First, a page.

Sunday, October 28, 2012

A Trip Down Memory Lane

At the same time I upped and left Auckland, my mother did as well. Instead of Blenheim though, she moved to an hour out of Wellington to Waikanae. I was over there New Year that first year so we did a trip down memory lane.  

I spent my the first 8 years of my life in Wellington. Lower Hutt to be exact, or Lover Hutt according to my marriage certificate. So we drove past the buildings I still knew.  The first was Avalon Dairy.  I knew this building well as I used to walk past it to and from school every day.  

I swear it hasn't changed inside.  Even the lolly counter is in the same place it was 45 years ago. I know that lolly counter well because I remember stealing 20c out of my mothers purse one day. I spent it in this dairy buying lollies.  20c back then bought a huge amount.  I knew I wouldn't take it home as I would have them all taken away from me, so I walked around to my aunt's place and she put them in a big jar.  Every now and then I'd pop in for another feast on lollies!  I still feel guilty!

This is my grandmothers house and the house my mother grew up in, in Ropata Crescent.  Each room was a different colour and was referred to by that colour. I have never forgotten the gold room, the old singer sewing machine, the belt we were threatened with if we were naughty, (I think we hid it one time), the gas fire, and the lovely roast meals we used to have there. I even remember being there when a small earthquake hit.

The house I grew up in for my first eight years. 56 Garden Road. The marble fence I remember my Dad building and my older brother helping.  I also remember being at home on the day of the 1968 hurricane when the Waihine sunk. I was home with an infection in my knee. I remember being scared we were going to lose our roof like the neighbours up the road.

Other things I remember when I see the garden is going outside and skating on a heavy frost.  I also remember my brother chasing me round and round the house saying he was going to kill me, and me screaming my head off. I've never been the same since!  Another memory is of me running over the road calling out to my friend Donna.  While I was calling her a fly flew into my mouth.  I ended up swallowing it.  Funny that the things we remember the most are the ones that were most unpleasant!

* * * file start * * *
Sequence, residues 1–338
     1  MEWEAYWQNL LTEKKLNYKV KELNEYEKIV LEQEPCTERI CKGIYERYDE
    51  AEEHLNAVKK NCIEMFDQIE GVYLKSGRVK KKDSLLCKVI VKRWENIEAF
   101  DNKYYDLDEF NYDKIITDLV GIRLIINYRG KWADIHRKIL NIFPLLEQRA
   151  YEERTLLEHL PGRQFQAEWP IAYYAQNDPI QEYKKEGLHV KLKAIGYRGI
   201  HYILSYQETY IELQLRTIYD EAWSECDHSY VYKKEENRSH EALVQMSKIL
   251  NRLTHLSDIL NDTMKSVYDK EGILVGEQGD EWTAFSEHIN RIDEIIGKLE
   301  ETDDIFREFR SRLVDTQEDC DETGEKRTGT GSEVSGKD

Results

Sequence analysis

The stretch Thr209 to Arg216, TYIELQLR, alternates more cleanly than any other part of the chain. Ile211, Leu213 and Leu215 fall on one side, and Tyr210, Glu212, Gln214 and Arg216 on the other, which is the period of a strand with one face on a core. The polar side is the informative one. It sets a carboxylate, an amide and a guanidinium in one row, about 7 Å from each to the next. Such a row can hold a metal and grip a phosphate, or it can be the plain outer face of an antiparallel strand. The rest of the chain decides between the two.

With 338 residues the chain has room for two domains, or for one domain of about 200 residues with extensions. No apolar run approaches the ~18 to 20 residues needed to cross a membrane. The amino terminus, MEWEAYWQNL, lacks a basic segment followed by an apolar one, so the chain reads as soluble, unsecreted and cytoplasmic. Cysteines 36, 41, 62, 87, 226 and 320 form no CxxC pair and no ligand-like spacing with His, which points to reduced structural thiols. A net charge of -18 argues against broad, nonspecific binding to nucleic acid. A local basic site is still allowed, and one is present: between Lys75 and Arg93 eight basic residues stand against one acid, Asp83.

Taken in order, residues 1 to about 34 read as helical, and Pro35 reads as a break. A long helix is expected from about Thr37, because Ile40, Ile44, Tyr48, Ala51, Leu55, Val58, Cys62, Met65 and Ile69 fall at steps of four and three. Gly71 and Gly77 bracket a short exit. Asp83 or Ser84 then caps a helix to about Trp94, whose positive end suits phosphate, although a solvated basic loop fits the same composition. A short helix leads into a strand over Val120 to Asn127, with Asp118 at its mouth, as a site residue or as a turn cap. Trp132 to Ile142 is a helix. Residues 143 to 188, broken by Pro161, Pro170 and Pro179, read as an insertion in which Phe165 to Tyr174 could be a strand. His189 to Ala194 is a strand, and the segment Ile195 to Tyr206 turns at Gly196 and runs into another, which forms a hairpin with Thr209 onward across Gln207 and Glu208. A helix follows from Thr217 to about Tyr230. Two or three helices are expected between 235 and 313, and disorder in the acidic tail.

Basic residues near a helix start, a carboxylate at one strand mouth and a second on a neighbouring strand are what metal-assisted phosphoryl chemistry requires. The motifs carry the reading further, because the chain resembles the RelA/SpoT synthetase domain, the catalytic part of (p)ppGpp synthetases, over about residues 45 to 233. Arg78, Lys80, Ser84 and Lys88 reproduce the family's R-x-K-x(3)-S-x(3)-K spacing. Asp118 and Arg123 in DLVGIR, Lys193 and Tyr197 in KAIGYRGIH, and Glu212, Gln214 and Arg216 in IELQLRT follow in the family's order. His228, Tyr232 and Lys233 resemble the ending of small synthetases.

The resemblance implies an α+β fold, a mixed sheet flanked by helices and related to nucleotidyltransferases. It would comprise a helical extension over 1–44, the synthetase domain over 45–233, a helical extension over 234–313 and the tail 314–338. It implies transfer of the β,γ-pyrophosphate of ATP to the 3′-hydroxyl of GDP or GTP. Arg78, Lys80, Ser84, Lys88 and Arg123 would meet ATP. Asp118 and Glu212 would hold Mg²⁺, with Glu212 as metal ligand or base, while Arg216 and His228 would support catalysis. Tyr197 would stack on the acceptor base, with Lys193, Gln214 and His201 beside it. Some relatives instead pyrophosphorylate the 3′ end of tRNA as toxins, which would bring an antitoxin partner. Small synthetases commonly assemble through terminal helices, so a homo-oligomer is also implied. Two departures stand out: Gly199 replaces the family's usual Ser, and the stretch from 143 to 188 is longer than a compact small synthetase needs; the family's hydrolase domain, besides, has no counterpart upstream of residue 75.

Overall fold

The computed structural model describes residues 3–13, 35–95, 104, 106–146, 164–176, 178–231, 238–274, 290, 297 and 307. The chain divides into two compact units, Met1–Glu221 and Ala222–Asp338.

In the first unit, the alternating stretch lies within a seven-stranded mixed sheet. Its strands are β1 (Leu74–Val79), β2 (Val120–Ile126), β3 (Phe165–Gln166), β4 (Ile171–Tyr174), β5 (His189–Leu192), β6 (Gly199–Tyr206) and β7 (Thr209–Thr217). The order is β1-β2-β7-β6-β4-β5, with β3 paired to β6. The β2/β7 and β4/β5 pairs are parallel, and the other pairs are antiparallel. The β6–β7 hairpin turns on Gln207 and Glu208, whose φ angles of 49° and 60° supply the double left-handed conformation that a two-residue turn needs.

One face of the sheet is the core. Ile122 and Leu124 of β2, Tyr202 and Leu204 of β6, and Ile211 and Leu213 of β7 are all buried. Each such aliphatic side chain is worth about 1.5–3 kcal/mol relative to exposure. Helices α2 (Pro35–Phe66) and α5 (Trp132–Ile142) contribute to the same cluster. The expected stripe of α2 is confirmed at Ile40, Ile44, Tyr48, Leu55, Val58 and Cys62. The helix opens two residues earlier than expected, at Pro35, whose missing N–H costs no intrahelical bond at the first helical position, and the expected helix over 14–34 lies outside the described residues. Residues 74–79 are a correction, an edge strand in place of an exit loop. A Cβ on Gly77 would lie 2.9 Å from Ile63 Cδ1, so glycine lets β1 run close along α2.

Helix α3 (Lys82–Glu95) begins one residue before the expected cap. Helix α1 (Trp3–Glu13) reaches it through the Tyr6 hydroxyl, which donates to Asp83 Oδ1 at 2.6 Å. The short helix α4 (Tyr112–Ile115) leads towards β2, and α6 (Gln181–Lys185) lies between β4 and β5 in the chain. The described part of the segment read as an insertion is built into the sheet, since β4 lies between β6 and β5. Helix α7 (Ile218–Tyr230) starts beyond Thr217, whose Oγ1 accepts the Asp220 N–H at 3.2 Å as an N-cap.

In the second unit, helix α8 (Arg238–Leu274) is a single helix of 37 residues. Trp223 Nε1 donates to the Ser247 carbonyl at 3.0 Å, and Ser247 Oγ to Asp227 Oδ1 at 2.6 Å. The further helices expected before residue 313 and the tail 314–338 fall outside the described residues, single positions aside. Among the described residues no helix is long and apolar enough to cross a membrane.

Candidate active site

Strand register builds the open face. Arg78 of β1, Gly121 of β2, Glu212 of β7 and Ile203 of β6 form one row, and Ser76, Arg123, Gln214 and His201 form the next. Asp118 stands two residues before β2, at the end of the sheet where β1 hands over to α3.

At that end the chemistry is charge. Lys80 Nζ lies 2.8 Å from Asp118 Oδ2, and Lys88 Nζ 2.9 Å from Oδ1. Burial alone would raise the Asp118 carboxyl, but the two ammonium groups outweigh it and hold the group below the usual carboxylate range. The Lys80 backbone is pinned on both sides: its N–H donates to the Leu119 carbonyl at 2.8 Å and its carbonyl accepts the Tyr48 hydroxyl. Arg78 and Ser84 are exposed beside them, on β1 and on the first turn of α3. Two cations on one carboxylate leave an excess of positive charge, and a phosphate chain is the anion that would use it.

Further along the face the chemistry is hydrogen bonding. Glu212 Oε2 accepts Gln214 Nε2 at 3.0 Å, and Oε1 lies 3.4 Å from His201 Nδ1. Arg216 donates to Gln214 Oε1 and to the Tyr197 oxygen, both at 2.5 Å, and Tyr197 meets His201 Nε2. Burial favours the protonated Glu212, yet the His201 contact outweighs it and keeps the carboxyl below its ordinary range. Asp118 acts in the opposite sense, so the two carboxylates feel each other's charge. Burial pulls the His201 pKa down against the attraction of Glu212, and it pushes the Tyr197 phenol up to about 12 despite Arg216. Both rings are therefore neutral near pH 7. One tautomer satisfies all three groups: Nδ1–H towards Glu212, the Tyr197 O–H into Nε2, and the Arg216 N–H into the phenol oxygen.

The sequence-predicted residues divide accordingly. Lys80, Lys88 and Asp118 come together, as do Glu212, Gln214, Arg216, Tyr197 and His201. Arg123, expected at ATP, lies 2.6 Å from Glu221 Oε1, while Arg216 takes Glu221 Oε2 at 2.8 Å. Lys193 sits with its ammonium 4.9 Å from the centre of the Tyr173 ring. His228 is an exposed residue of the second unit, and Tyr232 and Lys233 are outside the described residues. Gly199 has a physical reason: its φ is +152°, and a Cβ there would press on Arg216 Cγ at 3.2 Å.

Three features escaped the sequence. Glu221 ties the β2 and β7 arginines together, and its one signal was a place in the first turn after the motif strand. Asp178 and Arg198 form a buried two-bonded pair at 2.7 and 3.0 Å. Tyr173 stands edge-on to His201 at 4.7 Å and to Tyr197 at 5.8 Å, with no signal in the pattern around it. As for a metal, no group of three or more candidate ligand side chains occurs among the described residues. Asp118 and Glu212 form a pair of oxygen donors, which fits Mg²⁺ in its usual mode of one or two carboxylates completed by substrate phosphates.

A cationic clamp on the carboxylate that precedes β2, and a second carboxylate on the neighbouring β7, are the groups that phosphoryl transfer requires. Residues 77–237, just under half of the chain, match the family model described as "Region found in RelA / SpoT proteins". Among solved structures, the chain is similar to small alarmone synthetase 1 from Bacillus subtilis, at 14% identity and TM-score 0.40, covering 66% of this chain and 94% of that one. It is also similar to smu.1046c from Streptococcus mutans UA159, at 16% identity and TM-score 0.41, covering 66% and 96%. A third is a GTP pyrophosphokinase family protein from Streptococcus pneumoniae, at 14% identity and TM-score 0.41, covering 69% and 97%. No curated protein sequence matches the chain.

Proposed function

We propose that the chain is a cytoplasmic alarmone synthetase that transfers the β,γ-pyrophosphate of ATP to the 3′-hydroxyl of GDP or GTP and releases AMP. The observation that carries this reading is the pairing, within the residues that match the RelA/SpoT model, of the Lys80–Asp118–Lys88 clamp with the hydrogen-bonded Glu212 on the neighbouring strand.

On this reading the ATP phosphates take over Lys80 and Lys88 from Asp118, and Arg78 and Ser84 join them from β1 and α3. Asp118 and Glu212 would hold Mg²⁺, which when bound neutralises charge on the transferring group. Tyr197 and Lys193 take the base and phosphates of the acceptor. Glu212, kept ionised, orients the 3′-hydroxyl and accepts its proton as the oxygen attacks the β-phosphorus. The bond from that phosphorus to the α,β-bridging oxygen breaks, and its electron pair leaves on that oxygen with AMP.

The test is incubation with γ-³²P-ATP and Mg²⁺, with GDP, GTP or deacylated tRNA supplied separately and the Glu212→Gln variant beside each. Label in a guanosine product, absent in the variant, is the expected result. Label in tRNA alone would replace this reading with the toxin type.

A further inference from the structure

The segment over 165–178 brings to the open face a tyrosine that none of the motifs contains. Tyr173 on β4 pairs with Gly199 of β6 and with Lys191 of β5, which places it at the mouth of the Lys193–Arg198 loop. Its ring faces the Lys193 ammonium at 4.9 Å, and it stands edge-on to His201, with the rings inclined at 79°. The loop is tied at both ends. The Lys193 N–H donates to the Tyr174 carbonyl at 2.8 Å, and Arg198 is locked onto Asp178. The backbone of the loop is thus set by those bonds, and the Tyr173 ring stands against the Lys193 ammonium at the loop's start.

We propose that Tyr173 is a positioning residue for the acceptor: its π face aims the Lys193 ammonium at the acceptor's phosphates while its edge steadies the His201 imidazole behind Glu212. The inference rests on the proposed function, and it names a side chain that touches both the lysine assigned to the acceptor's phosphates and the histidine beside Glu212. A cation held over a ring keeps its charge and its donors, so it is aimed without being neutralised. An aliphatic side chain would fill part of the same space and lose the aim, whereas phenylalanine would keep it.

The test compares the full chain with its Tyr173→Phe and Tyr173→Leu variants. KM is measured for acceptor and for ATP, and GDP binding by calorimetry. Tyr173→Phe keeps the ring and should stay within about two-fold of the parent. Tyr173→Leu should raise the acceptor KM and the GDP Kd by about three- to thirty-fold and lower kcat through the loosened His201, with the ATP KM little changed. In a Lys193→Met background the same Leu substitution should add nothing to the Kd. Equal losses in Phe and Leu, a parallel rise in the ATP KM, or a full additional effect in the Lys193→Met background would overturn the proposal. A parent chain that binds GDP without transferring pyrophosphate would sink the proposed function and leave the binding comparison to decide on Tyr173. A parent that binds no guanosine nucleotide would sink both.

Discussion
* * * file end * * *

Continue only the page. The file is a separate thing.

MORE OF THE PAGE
My old primary school I attended. I remember getting milk to drink each morning. I never liked it as I hated warm milk. Getting ordered   lunches. School trips to Days Bays. I also remember my teacher hitting me with a ruler down my legs for talking.  I hadn't heard her say stop. Our classroom was in the school hall at the time while our classroom was being painted. No wonder I didn't hear her. I don't think my hearing loss had been picked up by then.

Going forward, Anne was born in 1985.  Shortly after we were transferred to Wellington through her fathers work.  This is the house we owned in Churton Park - a cotswald cottage  I loved that house.  Our neighbours, the Howards, were excellent too :) Some of the trees/shrubs we had planted were still there which was nice.

I did wonder if the house was rented now though, as it was in sore need of a paint.  Made me want to go out and get a paintbrush straight away.

It's a good feeling going down Memory lane until you realise that nothing really has changed.  Everything has just got older. Like me!

Friday, October 26, 2012

A Necessary Evil

See this thing above? It's a portable vibrating alarm clock that we, as deaf/Deaf people rely on to wake us up in the morning. A necessary evil and the bane of my life.  Its named 'The Vibrator'.

Some people are able to just shove it under the pillow and it'll wake them up with a gentle vibration at the right time. Not me though! For some reason whenever I need to get up early to catch a flight, or for an appointment, as soon as I set the alarm clock, my body goes into this weird phase. It's an 'OMG I have to get up early, what say the vibrating doesn't wake me, I better stay awake all night' phase. So I toss and turn, and I might doze for a while, but you can guarantee I'll be wide awake an hour before the alarm is ready to go off. When I don't need it, I'll be dead to the world and nothing will wake me!

I can't shove this contraption under my pillow either in case on that very rare occasion I do go to sleep, my body in a fit of absolute contrariness will roll over to the other side of the bed and I won't feel a thing and slumber on. No, this contraption has to be clipped onto me. Note the shape. It doesn't really have a good shape, and its hard. That means if you turn over, it ends up digging into you and wakes you up anyway.

But last night. It went mad. Totally insane. I don't know what I did to deserve the treatment it gave me last night. I had a flight to catch this morning - and the only flight I could get was one at 7.00am. Which meant I had to be at the airport at 6.30am. So I set the alarm for 6.02am. I double checked that it was 6.02am and not pm. I even double checked the time it was to make sure daylight saving had been accounted for.